While a continuing barrage of newspaper articles, TV shows, and special interest group reports claim that drinking among young people is a growing epidemic, the fact is quite the contrary. Drinking among young people, like drinking among the larger population, is actually on the decline. For example, look at the statistics on drinking among high school students.
The proportion of high school seniors who have ever consumed alcohol is down (fig 1).5
The proportion of high school seniors who have consumed alcohol within previous year is down (fig 2).6
The proportion of high school seniors who have consumed alcohol within previous 30 days is down (fig 3).7
The proportion of high school seniors who have recently consumed alcohol daily is down (fig 4).8
The proportion of high school seniors who have consumed 5 or more drinks on an occasion within previous two weeks is down (fig 5).9
Drinking among young people continues to drop. For example, the proportion of young people aged 12 through 17 who have consumed any alcohol during the previous month has plummeted from 50% in 1979 to 16% in 2006, according to the federal government's annual National Survey on Drug Use and Health. Thus, while one in two were drinkers in 1979, significantly fewer than one in five were in 2006, the most recent year for which statistics are available.10a
College student drinking attracts much attention in the press. But the proportion of college freshmen who drink continues to decrease. Freshmen entering college in 2006 reported the lowest rates of drinking in the 41-year history of the national college Freshman Survey. The proportion reporting occasional or frequent beer drinking dropped to an historic low, down 43% since 1982.10b
Drunk Driving Fatalities
While we must do even more to reduce drunk driving, we have already accomplished a great deal. Alcohol-related traffic fatalities have dropped steadily.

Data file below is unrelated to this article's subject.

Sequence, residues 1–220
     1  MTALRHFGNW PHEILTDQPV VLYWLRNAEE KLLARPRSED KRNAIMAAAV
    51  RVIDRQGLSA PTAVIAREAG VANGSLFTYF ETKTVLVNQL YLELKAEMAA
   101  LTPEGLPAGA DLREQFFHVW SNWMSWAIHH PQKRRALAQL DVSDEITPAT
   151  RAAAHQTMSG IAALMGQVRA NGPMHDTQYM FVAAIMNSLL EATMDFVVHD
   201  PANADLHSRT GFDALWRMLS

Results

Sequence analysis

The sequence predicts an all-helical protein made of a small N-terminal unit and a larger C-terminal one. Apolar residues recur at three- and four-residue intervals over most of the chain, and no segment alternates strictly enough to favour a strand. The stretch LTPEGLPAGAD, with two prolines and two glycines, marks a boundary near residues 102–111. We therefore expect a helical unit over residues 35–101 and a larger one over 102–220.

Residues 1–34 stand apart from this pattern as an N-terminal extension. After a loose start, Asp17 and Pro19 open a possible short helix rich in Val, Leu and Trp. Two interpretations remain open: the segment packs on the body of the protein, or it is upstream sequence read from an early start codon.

The U.S. has a low traffic fatality rate (drunk, as well as sober) and is a very safe nation in which to drive. And it's been getting safer for decades.20 There are now fewer than one and a half deaths (including the deaths of bicyclists, motorcyclists, pedestrians, auto drivers, and auto passengers) per one hundred million vehicle miles traveled.21 Alcohol-related traffic fatalities have dropped from 60% of all traffic deaths in 1982 down to 39% in 2005 (the most recent year for which such statistics are available).22
Alcohol-related traffic fatalities per vehicle miles driven has also dropped dramatically -- from 1.64 deaths per 100 million miles traveled in 1982 down to 0.56 in 2005 (the latest year for which such statistics are available).23
The proportion of alcohol-related crash fatalities has fallen 35% since 1982, but the proportion of traffic deaths NOT associated with alcohol have jumped 53% during the same time. We're winning the battle against alcohol-related traffic fatalities, but losing the fight against traffic deaths that are not alcohol-related.24
The declining proportion of accidents involving intoxication is good news. However, we can do even more to reduce drunk driving deaths. Through our individual actions we can do much right now to protect ourselves and others. [To learn more visit Drinking And Driving]
While the moderate consumption of alcohol is associated with better health and longer life than is abstinence, the heavy consumption of alcohol, especially over a period of many years, can lead to serious health problems and even death.
Fetal Alcohol Syndrome